Karl Schmidt-Rottluff

Karl Schmidt-Rottluff

Schmidt-Rottluff, Karl, 1884-1976, German painter and woodcut artist. Schmidt-Rottluff cofounded and named the Brücke in 1905. After moving to Berlin in 1911, he developed an art of compelling color and mystical intensity influenced by fauvism, cubism, and primitive art. His vigorous graphic technique are best realized in his woodcuts (e.g., The Way to Emmaus, 1918; Philadelphia Mus. of Art).
orig. Karl Schmidt

Self-Portrait with Monocle, oil on canvas by Karl Schmidt-Rottluff, elipsis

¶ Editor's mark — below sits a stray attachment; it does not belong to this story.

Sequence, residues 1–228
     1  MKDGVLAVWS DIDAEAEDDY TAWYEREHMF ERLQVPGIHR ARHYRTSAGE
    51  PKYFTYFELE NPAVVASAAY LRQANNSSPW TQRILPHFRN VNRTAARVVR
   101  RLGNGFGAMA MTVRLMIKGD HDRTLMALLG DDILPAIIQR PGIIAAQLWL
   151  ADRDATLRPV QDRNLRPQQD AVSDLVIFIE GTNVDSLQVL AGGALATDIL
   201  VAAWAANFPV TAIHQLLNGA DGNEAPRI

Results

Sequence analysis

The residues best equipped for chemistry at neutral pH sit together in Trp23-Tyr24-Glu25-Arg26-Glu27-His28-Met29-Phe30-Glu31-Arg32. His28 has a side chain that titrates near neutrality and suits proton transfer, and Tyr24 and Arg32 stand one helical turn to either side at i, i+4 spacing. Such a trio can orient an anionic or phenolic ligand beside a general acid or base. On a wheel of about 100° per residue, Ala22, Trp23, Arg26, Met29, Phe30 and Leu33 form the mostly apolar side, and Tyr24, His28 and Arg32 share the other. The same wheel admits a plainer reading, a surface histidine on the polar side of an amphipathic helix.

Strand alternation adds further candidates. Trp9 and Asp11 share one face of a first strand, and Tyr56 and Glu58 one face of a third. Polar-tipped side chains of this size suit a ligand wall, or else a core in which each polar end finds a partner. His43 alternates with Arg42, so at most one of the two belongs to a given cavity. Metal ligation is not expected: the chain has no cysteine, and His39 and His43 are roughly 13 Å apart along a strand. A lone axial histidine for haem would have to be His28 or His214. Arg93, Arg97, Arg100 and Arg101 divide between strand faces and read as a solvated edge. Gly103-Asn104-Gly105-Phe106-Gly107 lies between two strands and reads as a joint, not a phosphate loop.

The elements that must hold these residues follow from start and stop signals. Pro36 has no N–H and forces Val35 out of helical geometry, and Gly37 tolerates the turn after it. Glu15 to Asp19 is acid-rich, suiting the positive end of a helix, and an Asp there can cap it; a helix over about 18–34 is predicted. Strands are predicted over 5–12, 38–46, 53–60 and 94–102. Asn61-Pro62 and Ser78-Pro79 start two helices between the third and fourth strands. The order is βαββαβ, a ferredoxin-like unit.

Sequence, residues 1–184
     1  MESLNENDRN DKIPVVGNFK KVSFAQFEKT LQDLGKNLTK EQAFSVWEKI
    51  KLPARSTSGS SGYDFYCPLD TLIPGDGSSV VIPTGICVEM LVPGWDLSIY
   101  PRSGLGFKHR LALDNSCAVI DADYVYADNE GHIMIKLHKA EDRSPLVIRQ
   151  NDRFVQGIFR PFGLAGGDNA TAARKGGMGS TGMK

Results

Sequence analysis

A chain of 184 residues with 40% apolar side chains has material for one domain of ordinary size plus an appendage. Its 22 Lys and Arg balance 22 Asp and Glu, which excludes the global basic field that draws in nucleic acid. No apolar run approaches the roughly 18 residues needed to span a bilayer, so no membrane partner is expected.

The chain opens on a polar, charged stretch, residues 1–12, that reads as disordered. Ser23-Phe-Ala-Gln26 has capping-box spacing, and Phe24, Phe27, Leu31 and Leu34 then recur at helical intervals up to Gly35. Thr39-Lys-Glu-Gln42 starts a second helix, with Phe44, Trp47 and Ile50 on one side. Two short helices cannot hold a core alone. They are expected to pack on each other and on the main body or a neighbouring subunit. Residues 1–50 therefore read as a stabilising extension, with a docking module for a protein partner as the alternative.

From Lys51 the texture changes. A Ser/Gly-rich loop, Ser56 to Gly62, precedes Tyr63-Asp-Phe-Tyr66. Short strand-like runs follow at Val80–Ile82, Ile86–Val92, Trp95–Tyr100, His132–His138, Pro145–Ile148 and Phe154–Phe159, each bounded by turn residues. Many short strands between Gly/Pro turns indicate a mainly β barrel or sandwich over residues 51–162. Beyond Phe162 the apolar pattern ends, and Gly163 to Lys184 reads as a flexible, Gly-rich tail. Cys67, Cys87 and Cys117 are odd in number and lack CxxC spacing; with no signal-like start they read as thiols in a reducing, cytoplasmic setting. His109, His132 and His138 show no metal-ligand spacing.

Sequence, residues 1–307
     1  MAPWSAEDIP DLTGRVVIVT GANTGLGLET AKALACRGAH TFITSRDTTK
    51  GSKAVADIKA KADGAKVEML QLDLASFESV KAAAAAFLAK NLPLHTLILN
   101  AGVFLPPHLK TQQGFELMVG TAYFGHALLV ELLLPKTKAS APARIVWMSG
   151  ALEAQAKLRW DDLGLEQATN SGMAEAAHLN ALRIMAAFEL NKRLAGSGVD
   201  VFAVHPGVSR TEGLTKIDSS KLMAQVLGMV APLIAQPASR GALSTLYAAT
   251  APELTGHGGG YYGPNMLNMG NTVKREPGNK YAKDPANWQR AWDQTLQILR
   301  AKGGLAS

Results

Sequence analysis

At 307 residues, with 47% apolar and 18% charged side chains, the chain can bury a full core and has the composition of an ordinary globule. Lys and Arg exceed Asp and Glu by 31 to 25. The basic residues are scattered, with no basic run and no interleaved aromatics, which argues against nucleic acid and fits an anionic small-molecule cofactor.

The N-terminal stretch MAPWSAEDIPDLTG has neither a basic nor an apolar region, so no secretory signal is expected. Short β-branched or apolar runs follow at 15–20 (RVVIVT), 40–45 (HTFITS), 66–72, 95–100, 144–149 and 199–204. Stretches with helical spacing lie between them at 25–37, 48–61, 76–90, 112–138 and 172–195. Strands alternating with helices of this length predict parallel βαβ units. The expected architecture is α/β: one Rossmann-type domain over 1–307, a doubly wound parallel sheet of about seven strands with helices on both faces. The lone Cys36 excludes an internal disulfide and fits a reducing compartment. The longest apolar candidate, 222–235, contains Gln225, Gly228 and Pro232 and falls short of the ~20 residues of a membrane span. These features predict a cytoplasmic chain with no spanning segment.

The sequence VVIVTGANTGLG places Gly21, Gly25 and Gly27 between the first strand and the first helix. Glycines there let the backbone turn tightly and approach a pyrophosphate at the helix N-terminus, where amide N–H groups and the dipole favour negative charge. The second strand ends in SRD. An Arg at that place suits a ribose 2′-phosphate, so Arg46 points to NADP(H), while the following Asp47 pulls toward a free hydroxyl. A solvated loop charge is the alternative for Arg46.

(born Dec. 1, 1884, Rottluff, Ger.—died Aug. 9, 1976, West Berlin, W.Ger.) German painter and printmaker. As an architecture student in Dresden, he helped form Die Brücke in 1905. He soon realized the expressive potential of flat, patterned design; his mature style, seen in Self-Portrait with Monocle (1910), is characterized by boldly dissonant colours and jagged forms. After 1911, when he moved to Berlin, his paintings and woodcuts showed an interest in Cubism and African sculpture. Though his works had become more conventional by the 1930s, the Nazis officially declared them “degenerate.” After World War II he taught art and resumed painting, but his work never regained its former power.

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